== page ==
Table 1 shows the characteristics of fibroblast donors used in this study: comprising 6 female and 1 male donors, 4 current smokers, 2 ex-smoker and 1 never smoker. The average age of the donors was 51.6 ± 7.87 years, all of which had normal lung capacity as demonstrated by a forced expiratory volume in 1 s/forced vital capacity (FEV1/FVC) that was above 70%.

TABLE 1
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TABLE 1. Characteristics of fibroblast donors.

2.6 Cell culture

Primary LFs were cultured in complete growth media and used between passage 3 to 5 (Blokland et al., 2020b). LFs were routinely checked for mycoplasma infection using a PCR assay, and only used when certified negative (Uphoff and Drexler, 2002). To improve attachment of fibroblasts, hydrogels were coated with a 5% w/v Bovine Serum Albumin (BSA) solution (Sigma-Aldrich) in low glucose DMEM for 24 h prior to cell seeding. Twenty thousand LFs/gel were seeded on top of soft and stiff GelMA hydrogels in complete growth media. After 24 h, the media was replaced with fresh complete growth media, and cells were allowed to grow for another 6 days after which supernatant, RNA, hydrogels for live/dead stain and immunofluorescent staining were harvested. Supernatants were collected, pooled, and centrifuged for 5 min at 300 x g to remove debris and dead cells after which the cell-free supernatants were stored at -80 °C. Hydrogels in RNA lysis buffer (Machery-Nagel, Düren, Germany) were stored at −80°C until RNA isolation. Hydrogels for immunofluorescent imaging were fixed in 2% paraformaldehyde (PFA; Sigma-Aldrich) and 0.2% glutaraldehyde in PBS for 30 min. The hydrogels were then washed three times in PBS and stored in PBS supplemented with 1% Pen/Strep at 4°C until analyses.

2.7 Live and dead cell assays

Cell viability after 1 and 7 days was examined using Calcein AM (Thermo Scientific, Breda, the Netherlands, CCID: 390986) for live cells and propidium iodide (PI; Sigma-Aldrich, CCID: 104981) for dead cells. Briefly, GelMA hydrogels were washed and incubated with Hank’s Balanced Salt Solution (HBSS; Gibco) containing magnesium and calcium for 20 min at 37°C. A working solution was prepared containing 5 µM Calcein AM and 2 µM PI in HBSS, which was added to the GelMA hydrogels before they were incubated for 20 min in the dark. Images were captured using a EVOS Cell Imaging System (Thermo Scientific). ImageJ was used to create an overlay of both GFP and Texas Red channels without modifications (Schneider et al., 2012). Morphological analysis was performed using CellProfiler software (Broad Institute, MIT, Cambridge MA) (Stirling et al., 2021).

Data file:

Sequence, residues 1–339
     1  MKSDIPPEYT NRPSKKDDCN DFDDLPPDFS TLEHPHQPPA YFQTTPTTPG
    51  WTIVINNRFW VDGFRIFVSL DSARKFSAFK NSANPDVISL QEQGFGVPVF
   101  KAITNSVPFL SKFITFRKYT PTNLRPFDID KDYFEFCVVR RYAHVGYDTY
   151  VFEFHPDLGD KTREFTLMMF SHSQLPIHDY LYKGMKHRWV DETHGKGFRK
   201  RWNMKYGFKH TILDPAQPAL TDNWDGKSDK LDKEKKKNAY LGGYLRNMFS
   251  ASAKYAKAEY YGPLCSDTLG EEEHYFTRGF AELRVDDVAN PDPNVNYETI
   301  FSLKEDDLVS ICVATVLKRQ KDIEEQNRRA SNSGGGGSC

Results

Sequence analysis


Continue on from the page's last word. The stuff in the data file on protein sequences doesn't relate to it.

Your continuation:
2.8 Gene expression analysis

Total RNA from GelMA hydrogels was isolated using a Nucleospin RNA isolation kit (Machery-Nagel). Media was removed and lysis buffer in a 1:3.3 sample-to-buffer ratio was added to each well before incubation for 15 min on ice, after which the samples (gel and lysis buffer) were stored at -80 °C. Samples were thawed on ice and mixed thoroughly before the lysis buffer was transferred to a new Eppendorf tube without the GelMA hydrogel. RNA isolation was performed according to the manufacturer’s instructions. Total RNA was quantified using the Qubit HS RNA assay kit (Thermo Scientific) according to the manufacturer’s instructions. RNA was reversed transcribed into cDNA using the ReverseAid First Strand cDNA Synthesis Kit (Thermo Scientific). DNA was amplified using GoTaq Probe qPCR Master Mix (Promega, Leiden, the Netherlands) and TaqMan Gene Expression Assay (Thermo Scientific) on a ViiA7 Real-Time PCR System (Applied Biosystems, Breda, the Netherlands) with the relevant predeveloped primers listed in table 2 (Thermo Scientific).